Putting Digital Advertising Into Perspective

Every Sunday morning with very few exceptions I get an email from Bob Hoffman, one of the world’s foremost contrarians and he tells me what he has found out about the digital marketing industry that week. 

It’s never good news and believe me when I tell you that Bob would be the first one to shout it from the rooftops if there was good news. 

The Bottom Line At The Top

A lot of what is causing consternation in the digital marketing industry these days is the nearly total withdrawal from digital advertising activity by the world’s largest advertiser, Procter and Gamble, citing the abysmal performance of pretty much their entire digital advertising program.

The industry, of course, is trying to spin this as no big deal. But I spent eight years working for Procter in Canada and can tell you that if these people don’t know intuitively how effective every media and every creative idea is, they have substantial research departments and suppliers to analyze and find that out.

Procter people never talk through their hats. So when they outright abandon an entire medium, anyone with their marketing head screwed on right is obliged to pay serious attention.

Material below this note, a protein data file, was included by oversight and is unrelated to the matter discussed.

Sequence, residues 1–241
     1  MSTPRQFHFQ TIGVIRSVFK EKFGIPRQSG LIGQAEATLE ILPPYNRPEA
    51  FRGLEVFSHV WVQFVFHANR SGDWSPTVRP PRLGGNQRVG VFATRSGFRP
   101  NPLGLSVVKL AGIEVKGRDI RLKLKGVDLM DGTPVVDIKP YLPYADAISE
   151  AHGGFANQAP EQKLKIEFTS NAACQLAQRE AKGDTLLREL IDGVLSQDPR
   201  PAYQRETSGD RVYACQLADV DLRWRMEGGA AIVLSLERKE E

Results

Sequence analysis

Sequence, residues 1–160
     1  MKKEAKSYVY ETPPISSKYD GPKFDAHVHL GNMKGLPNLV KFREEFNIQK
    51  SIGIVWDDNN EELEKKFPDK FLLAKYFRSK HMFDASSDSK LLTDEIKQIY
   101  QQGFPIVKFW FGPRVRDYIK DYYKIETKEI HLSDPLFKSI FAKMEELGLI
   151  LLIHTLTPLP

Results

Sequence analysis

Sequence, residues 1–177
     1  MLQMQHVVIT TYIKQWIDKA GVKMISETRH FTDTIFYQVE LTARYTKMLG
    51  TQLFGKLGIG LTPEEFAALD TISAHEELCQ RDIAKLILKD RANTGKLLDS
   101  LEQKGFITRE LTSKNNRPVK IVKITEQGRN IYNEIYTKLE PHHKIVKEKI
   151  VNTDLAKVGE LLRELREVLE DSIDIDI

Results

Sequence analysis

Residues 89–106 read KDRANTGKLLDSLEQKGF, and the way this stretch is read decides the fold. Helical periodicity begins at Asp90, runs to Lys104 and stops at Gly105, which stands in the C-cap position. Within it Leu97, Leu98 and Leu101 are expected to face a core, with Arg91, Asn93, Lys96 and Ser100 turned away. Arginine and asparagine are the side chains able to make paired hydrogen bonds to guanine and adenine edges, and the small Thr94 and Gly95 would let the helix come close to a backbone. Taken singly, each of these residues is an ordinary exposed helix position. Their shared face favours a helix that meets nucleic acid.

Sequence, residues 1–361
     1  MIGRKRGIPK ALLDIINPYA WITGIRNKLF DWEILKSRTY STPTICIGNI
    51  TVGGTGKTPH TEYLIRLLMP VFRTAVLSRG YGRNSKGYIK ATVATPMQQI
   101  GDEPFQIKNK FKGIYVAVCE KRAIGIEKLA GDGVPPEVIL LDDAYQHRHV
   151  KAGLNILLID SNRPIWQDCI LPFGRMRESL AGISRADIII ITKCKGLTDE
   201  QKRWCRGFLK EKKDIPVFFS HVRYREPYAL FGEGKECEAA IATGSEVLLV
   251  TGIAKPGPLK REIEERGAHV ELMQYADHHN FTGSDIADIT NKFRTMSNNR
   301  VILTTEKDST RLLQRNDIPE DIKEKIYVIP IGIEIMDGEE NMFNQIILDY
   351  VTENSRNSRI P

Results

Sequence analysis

One Way The Game Gets Rigged

The trouble with digital advertising is that there are so many different ways to create false positives.

For example, there are substantial companies who work for digital marketers who actually sell ‘likes’. Yep … these companies have hundreds of people who basically have lists of clients that certain marketers are developing, and these people spend their days clicking and posting pre-programmed comments. This business is so lucrative that these companies have now developed algorithms and bots to do the same thing.

And at the end of the day, the digital marketers tally up the click take and tell you that you’re doing exceptionally well and might very well benefit from increasing your activity.

They get away with this for three main reasons.

One: Most marketers are still completely mystified about how this medium actually works.

Two: They are constantly being told by their digital gurus that it’s a marathon and not a sprint…that the ROI will come, just as long as they don’t drop the ball.

Three: Not everybody is as smart as Procter & Gamble. Nor do they have or are willing to commit the resources to investigating where their precious likes and clicks are coming from.

Marketing 101 Again

Except for certain industries, mostly retail based, digital advertising and marketing is or at least should be really a relatively small part of any company’s marketing activity.

Now look carefully at the cartoon above. Besides the cheeky message, there are any number of analog based touch points that need to be achieved in order to build enough awareness of your product or service to stimulate a contact or sale.

This is a fundamental rule of both marketing and sales. And to be honest, it’s something that the vast majority of digital marketers don’t really understand.